But Durrett maintains skipping any part of the process won’t yield proper results. He doesn’t think groups should give design control to a developer and insists all members should be personally involved from start to finish.

“The most important component in a cohousing community is the participation in designing and developing a project,” he said. “Basically, groups of people will take risks that no developer will ever take.”

Durrett also said the hands-on process will weed people out who aren’t meant for cohousing, help those who are committed to figure out how to get along, and it will reveal what they’ll have to deal with once they move in.

Durrett is not convinced a tweaked version of cohousing will result in a faster process, and he said dozens of cohousing lite projects would have to be completed and evaluated to prove that to be true.

“My overarching feeling is that there are no magic bullets. There’s no need to take shortcuts because they simply take longer and there’s no reason to take shortcuts because you don’t get the same value,” he said.

“It’s like saying, ‘I’m going to do organic gardening but I’m just going to use some chemicals.’ There’s too much to be gained by participation to not do it… [Shortcuts] might get a quicker result in one or two cases… It’ll never get a better result.”

Traditional cohousing

Durrett, whose firm McCamant and Durrett Architects focuses on cohousing, lives in Nevada City, California.

He brought the concept of cohousing from Europe to North America decades ago. In 1988, Durrett and Kathryn McCamant introduced the idea through the book Cohousing: A Contemporary Approach to Housing Ourselves. More recently, they published Creating Cohousing: Building Sustainable Communities.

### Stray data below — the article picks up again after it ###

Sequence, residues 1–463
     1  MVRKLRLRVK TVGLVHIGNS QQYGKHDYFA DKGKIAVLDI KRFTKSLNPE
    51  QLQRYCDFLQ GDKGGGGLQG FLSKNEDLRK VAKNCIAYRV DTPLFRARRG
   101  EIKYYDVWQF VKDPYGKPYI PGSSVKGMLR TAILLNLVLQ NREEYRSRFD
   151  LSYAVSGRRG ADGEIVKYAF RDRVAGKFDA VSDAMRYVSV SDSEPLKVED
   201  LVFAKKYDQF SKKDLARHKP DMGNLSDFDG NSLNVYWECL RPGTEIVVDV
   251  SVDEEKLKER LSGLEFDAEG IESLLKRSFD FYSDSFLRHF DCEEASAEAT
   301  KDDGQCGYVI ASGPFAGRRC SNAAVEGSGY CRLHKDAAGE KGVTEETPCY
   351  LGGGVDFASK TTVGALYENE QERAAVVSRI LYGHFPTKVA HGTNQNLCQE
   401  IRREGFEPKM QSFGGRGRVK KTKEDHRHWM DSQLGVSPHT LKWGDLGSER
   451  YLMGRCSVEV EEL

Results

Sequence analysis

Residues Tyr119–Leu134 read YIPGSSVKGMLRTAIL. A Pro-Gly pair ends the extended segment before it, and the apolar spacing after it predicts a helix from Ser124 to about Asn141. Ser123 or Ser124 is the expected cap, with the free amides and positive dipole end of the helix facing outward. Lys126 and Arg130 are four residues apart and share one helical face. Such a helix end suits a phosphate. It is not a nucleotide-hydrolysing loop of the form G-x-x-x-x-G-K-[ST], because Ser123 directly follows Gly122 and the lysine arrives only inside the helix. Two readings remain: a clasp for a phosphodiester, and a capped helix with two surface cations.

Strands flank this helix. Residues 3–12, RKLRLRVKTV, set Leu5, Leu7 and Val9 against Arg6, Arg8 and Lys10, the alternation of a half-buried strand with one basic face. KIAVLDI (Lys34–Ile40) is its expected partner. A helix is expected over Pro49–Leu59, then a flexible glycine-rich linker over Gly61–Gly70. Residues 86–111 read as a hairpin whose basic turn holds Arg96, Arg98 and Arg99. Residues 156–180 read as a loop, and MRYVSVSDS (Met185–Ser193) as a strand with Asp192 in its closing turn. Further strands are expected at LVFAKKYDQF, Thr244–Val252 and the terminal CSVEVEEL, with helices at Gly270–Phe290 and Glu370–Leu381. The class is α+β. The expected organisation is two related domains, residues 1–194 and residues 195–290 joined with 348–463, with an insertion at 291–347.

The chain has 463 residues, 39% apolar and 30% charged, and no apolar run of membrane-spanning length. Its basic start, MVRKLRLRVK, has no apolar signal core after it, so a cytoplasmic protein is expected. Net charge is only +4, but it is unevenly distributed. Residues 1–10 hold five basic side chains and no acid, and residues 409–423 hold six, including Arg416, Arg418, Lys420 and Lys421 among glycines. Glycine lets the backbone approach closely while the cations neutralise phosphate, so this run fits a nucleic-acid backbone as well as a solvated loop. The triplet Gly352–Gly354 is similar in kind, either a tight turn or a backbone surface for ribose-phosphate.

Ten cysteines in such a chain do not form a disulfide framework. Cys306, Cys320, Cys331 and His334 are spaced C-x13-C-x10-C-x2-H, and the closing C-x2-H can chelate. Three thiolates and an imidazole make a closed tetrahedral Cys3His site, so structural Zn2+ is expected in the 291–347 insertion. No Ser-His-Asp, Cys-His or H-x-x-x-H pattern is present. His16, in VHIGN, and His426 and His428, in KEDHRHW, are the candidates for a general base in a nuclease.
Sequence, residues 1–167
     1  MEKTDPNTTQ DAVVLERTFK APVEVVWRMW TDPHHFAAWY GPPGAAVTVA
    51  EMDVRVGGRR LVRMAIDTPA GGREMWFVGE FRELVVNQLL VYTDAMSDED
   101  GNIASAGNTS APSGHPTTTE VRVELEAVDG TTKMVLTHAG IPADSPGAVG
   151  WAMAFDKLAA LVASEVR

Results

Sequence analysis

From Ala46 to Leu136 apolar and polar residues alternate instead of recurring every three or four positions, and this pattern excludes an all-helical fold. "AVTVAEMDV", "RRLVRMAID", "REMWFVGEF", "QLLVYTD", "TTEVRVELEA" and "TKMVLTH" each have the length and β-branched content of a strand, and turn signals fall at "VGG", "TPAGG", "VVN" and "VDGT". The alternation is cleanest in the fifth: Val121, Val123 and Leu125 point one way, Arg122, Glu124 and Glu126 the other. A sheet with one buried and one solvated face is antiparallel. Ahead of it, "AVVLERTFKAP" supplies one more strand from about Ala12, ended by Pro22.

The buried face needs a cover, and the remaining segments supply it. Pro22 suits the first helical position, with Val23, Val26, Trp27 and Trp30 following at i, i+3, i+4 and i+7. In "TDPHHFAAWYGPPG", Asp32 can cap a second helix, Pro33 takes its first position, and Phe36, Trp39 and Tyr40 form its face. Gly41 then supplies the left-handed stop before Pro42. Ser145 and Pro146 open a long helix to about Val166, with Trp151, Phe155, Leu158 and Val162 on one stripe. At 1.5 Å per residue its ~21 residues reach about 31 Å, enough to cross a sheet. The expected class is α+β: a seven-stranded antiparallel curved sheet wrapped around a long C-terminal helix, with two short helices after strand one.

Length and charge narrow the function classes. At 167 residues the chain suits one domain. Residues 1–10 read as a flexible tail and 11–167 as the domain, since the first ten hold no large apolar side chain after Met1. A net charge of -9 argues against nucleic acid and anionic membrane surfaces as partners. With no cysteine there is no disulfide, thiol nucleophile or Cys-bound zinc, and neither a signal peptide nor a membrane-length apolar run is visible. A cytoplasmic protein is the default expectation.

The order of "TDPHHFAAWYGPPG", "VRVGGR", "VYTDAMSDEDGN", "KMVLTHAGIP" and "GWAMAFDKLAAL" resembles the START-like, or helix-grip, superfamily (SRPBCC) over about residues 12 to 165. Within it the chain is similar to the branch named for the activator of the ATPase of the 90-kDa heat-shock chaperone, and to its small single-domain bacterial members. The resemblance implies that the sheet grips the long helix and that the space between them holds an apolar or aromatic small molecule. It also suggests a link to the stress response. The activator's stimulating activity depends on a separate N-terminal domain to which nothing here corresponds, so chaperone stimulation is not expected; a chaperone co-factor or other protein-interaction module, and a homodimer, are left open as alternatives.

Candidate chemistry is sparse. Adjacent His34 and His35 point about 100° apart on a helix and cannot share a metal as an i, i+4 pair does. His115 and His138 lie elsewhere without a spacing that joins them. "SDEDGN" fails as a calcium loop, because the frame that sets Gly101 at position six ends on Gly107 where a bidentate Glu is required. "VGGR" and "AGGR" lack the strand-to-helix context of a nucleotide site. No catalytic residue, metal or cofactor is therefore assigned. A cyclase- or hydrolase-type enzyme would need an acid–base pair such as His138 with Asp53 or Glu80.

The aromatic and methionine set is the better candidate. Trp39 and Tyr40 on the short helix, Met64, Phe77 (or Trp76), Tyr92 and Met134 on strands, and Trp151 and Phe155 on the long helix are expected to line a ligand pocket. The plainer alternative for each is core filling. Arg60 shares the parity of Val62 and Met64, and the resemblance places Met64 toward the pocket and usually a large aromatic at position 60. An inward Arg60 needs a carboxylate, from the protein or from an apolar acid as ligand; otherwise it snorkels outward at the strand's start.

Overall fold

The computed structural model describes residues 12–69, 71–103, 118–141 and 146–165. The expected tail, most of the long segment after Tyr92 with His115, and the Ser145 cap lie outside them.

Cohousing, Durrett explained, originated in Denmark where it’s called “Bofaelleskaber.”

“I didn’t think Bofaelleskaber was going to work well in the USA,” he said. “One day, when I was living in Denmark, the Danish government called me up and said, ‘Chuck, we’re translating an article about Bofaelleskaber tomorrow, so we need a word tomorrow’ so I spent the evening coming up with a word.”

He’s lived in three cohousing communities over the past 25 years and has been involved in helping build 55, including five in Canada. Among them is Vancouver Cohousing on East 33rd Avenue, which includes 6,200 square feet of shared space — a size that’s nearly impossible to re-produce in Vancouver these days given the high price of land.

 

Charles Durrett helped design the city's first cohousing project — Vancouver Cohousing in East Vanc
Charles Durrett, centre, at a workshop for the city's first cohousing project — Vancouver Cohousing in East Vancouver.

Durrett was involved in several workshops with members of Vancouver Cohousing from which all the preliminary designs were produced. They were then handed over to a local architect who did the working drawings.

During the workshops, numerous details, such as reducing the number of parking places, were nailed down. 

Durrett maintains the design details that are developed and the relationships that are formed through a hands-on process with the entire cohousing group helps create the foundation for, and the culture for, how the complex will function once everyone moves in. That includes how residents get along and how much time is spent in shared spaces, especially after the honeymoon phase wears off.